Who Makes Up for Ambiguity in Client Agreements?

Referee Dog
Photo credit: CowCopTim

When your idea of what the agreement was, and your client’s idea of what the agreement was, differ, how does that get resolved?

[Disclaimier: This scenario is a montage of experiences, and does not represent any one client.]

An unsophisticated client generally sees their website project in vague, feeling terms–something that will make them feel good, look good, be magical, etc. On the other hand, my central job as an executor of the tasks required, as that of technician–I have to translate their wishes successfully into a series of tasks that are executed well, so I have to break it down into a series of left-brained tasks.

And let’s just say I didn’t do a great job of spelling all this out at the start of the project (shame on me, etc.). Let’s say I said, “Sure, I’ll install this shopping cart for you, and then you can sell your products on there.” (Ouch! How vague! But of course, the client’s not going to bug me about that–they’re seeing it all as this right-brained, ooeey gooey feeling good thing, and just picturing how great it will all be…)

The client says, “great! I can’t wait, I’m so excited!”

Meanwhile, reality progresses…

my reality in my mind, and their reality in their minds… like a ticking time bomb, us both happily living in our own version of how things are supposed to go.

Then, comes the day when I show them the site, and they go, “that’s great–could you just add these six more products?”

“Oh, I think. I assumed that the twelve products they showed me were what they wanted in the site–but now I recall that they did mention in passing that they might want to have some more products in there.” And, I don’t want to disappoint them, so, I go, “sure–I’ll add those.” While silently sighing inside.

Another week goes by, and I hear back from them, “that’s great–oh, could you please add these six articles? That will be great. It’s really coming together.” I’m thinking, “well, I don’t remember talking about putting in a lot of articles… then again we didn’t not talk about putting in articles, and I do want them to be happy.” So, I say, “sure, I’ll put those in,” while silently sighing inside.

I bid the project at a flat fee, so that the client–a small merchant, with big dreams, but not a big budget–could feel comfortable, could feel safe and secure that they were able to afford quality work at a reasonable price (dot dot dot).

Another few days go by, and I hear from the client again. Just another few little changes, a couple of tiny revisions. No big deal. Meanwhile, my time, with a bid based on 20 hours’ work (trying to get it done fast for them–they’re small, and I want to save the money, etc.), is over by 16 hours.

This scenario highlights why I have changed my billing practices, but still it raises the question:

  • When there is ambiguity in the agreement, who pays?
    • Do I “pay” with my time, to make the client happy, or does the client “pay” by not having it just how they wanted it, for the price offered?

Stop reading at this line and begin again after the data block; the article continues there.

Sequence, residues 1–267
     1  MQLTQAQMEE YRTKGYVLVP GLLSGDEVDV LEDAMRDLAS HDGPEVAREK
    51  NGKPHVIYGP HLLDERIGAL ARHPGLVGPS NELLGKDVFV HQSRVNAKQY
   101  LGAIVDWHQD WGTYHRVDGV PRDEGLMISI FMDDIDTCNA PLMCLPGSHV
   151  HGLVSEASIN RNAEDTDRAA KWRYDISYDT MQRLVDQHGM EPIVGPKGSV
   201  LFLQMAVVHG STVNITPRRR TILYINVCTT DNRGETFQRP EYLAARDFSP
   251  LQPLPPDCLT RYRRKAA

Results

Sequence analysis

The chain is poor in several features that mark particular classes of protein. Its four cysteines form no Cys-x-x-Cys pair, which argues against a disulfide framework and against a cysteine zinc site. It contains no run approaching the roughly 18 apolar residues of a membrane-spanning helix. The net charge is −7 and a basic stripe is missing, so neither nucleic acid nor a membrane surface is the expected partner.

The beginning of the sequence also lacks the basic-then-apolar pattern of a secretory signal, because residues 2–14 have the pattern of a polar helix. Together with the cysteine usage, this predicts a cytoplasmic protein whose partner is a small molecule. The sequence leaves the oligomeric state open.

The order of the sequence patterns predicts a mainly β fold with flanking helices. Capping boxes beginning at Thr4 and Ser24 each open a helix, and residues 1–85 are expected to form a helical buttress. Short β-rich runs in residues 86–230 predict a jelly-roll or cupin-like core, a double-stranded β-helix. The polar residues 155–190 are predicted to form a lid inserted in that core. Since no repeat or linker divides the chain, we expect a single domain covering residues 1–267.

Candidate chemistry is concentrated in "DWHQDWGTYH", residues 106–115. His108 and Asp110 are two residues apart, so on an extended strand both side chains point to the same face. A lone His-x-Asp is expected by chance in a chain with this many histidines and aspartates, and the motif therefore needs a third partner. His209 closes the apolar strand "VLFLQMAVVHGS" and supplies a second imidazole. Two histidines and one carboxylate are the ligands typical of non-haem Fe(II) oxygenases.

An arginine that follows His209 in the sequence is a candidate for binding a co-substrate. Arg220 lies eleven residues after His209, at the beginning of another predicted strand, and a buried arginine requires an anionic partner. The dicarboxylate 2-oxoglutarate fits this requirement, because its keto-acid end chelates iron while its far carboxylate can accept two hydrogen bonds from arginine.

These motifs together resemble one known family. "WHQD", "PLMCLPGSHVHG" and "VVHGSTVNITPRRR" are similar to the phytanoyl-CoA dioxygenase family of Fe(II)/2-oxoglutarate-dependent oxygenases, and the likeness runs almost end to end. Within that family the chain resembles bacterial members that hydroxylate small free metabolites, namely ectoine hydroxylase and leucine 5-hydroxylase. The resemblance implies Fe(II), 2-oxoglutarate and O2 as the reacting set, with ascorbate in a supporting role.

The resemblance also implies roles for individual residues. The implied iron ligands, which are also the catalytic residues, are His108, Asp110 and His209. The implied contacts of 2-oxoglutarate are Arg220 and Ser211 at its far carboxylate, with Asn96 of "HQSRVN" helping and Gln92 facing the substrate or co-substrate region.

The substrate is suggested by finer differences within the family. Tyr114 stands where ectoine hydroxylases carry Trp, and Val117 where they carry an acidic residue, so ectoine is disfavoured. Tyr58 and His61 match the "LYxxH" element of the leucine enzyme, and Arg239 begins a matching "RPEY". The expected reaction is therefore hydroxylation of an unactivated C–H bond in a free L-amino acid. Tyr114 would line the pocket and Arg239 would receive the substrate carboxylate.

• Is it my “fault” that their vision of what they were getting differed from my vision of what I was offering?
  • Should I let my fear of disappointing the client cause me to do 2 times’ work? 3 times’ work?
  • Why have I made it my job to make their dream a reality for $x,000?
    • That’s what they want me to do..
    • They’ve paid me a large chunk of money..
    • Should the fact that that’s not, actually, what we ever, specifically, agreed to, interfere with this?
    • Should the fact that they’re paying me a lot of money stop me from defending my version of what was agreed to?

The bottom line here, in the end, is that I’ve stopped making a lot of the mistakes that would put me in this situation, and you should too. And in the end, I will do a large bit of what the client thinks was promised, because not to do so is to create a difficult situation, where they would experience that they never got what they wanted.

Also, our real success (in business terms) will be measured by how happy we make our clients–not how accurately we execute the tasks that were requested (whether unambiguously or not).

In the end, the scenario described here (and lived so many times by me over the past several years) is a tale of the ignorant leading the blind. I was the ignorant–not knowing how to define the project clearly enough for the client, or create boundaries or shared ownership in the outcome. And the client was the blind–not knowing enough to know what they didn’t know.

As professionals, we have the option, of knowing enough to educate the client about what they’re really getting, and its value. Often times we don’t, and then we create this kind of confusion.

I have run into so many small clients who have had previous nightmare experiences with past web designers. One thing this tells me that, in their case, when the confusion in the agreements was revealed, they probably blamed the client, and thought of them as “stupid,” created a situation of disappointment. Maybe they didn’t lose as much money, but they created no goodwill.

But of course, it’s very important to create both–goodwill, and profitability. To be the kind of web designer that clients need, you also have to survive as a web designer.

Please, share your experiences with these issues below!

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